by Mike Colagrossi –
55 Cancrie, or “Hellfire Earth”. All pictures nasa.gov.
Geoff Marcy, a pioneering scientist in exoplanets declared the discovery: “as among the most profound scientific discoveries in human history… it is a bridge between the gas giant planets we’ve been finding and the earth itself.”
NASA’s Kepler mission has already identified more than 5,000 potential exoplanets – with the discoveries expected to continue to grow over time.
These many newly discovered worlds come in a variety of material and orbits. Some are gargantuan gas worlds that dwarf Jupiter. Others, rocky and icy barely skidding past their roaring suns. NASA and other space agencies are interested in discovering a variety of planets, but one such kind has also sparked their interest – planets within the habitable zone where liquid water oceans could be formed. The boundaries of what’s habitable and what’s even possible in the universe seem to change every day. Strange compositions we thought impossible are being discovered all the time and with an average estimate of 1 trillion planets in just our galaxy alone, we haven’t even begun to scratch the surface.
These 10 exoplanets are indicative of this novelty.
HD 209458b: Osiris
This planet boasts a number of first discoveries. Scientists have found that it is the only planet currently found outside of the solar system to have detectable oxygen and carbon in its atmosphere. Its parent star is 150 light years from Earth in the Pegasus constellation. Named after the Egyptian god who lost part of his body, Osiris revolves around its sun a mere 4 million miles away.
The scorched planet is evaporating at such a fast rate that scientists have begun to create a new classification of exoplanets called chthonian planets. This nomenclature comes from the infernal Greek deities and H.P. Lovecraft’s subsequent usage for his space monsters. It is most likely a dead core of a completely evaporated gas planet.
Astronomer’s research once posited about the possibility of a circumbinary planet – that is, a planet that circles around two stars. In an homage to Luke Skywalker’s home planet in Star Wars, Kepler-16b is nicknamed Tatooine. Whereas Skywalker’s homeworld was habitable, this planet is cold, gaseous and most likely cannot harbor life.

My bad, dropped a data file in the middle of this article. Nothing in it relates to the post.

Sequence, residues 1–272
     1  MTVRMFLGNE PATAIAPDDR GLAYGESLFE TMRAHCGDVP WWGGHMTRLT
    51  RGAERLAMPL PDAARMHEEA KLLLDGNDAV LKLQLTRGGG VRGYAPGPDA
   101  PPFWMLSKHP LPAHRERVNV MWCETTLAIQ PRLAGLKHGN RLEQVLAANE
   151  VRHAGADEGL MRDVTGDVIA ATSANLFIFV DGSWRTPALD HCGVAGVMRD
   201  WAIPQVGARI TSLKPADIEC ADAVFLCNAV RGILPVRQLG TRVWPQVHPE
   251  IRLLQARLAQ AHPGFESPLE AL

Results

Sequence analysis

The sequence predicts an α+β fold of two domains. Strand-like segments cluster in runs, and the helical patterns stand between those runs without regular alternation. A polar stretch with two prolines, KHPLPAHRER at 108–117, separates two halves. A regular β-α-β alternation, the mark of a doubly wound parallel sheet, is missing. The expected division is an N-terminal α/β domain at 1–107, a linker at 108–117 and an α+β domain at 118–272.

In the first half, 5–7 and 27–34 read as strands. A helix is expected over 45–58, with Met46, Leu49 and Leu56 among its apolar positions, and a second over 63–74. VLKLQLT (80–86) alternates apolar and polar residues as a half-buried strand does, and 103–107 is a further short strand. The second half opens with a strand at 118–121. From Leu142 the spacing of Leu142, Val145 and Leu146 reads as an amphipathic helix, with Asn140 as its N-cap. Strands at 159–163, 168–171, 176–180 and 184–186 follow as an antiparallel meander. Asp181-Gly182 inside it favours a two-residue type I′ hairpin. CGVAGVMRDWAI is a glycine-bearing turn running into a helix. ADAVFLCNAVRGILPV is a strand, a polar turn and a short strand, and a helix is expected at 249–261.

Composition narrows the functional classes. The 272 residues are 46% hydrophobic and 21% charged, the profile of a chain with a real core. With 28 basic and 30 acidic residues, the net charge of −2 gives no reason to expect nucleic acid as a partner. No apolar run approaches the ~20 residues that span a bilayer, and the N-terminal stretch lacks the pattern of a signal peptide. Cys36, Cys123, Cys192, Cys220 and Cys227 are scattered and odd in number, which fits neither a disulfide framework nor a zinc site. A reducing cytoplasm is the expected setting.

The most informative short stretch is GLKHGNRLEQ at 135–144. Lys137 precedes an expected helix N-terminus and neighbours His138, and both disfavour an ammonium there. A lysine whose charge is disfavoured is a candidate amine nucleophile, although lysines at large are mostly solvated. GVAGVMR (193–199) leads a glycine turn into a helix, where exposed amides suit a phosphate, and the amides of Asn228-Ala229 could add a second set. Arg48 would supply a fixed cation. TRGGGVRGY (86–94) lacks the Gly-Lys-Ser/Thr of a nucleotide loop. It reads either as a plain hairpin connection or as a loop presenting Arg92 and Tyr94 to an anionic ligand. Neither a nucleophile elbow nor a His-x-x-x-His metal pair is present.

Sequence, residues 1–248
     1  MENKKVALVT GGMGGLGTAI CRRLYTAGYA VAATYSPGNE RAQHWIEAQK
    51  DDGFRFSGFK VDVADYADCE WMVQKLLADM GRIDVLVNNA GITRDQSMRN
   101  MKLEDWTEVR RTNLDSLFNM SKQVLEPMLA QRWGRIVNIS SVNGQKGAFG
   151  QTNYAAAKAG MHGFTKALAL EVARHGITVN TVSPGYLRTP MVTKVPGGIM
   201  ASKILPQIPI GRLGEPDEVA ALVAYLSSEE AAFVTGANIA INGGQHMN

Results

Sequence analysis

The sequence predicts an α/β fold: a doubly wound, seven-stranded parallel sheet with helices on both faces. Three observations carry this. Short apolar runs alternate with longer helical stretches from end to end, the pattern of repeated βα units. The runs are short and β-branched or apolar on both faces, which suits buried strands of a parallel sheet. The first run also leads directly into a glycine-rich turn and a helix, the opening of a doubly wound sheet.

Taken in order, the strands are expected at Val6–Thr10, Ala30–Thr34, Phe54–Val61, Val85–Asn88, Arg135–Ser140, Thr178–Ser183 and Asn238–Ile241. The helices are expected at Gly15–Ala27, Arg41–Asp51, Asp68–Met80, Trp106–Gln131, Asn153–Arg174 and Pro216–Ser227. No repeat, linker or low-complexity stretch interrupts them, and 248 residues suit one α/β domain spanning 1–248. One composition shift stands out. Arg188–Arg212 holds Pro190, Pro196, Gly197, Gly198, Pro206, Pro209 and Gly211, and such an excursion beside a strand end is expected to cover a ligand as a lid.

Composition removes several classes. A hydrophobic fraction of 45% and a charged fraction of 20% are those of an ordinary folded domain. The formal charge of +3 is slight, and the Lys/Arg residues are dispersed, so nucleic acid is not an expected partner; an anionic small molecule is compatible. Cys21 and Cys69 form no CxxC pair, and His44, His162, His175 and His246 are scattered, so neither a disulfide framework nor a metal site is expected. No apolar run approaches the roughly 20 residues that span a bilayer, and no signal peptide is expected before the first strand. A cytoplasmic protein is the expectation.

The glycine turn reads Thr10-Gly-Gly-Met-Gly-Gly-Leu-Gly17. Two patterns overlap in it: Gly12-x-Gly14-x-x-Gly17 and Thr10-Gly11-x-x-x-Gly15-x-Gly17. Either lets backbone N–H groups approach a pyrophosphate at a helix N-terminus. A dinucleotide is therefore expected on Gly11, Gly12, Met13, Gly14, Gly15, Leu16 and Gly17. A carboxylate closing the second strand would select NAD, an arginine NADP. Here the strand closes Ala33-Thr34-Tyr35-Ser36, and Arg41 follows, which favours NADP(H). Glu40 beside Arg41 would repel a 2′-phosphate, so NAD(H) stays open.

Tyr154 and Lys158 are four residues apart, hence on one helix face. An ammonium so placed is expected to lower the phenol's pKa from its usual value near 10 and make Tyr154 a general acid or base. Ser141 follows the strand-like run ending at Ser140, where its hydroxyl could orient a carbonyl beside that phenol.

It is 200 light years away from earth. The discovery of a circumbinary planet was hinted at and then confirmed with the observation of brightness of the dual star system being dimmed by a planet’s transit in front of it. While being in the habitable zone is ruled out for this planet, Kepler’s principal investigator William Borucki on the importance of this discovery stated:
“This discovery confirms a new class of planetary systems that could harbor life… Given that most stars in our galaxy are part of a binary system, this means the opportunities for life are much broader than if planets form only around single stars. This milestone discovery confirms a theory that scientists have had for decades but could not prove until now.”
Kepler-22b: New Earth
One of the most promising and early findings from Kepler is the Kepler 22b. 600 light years away from earth it’s twice the size of Earth and should have temperatures around 72 degrees Fahrenheit. This planet is considered a “super-Earth” and is within the habitable zone of its star. Its star is within the Lyra and Cygnus constellations and shines 25% less bright than our sun.
Scientists think that the planet may have a rocky core and be covered in an ocean like Neptune. But life on the planet isn’t out of the question yet. Kepler deputy science chief stated that “It’s not beyond the realm of possibility that life could exist in such an ocean.”
(For the balance of this article please visit: https://bigthink.com/mike-colagrossi/10-of-the-strangest-exoplanets-in-the-universe/)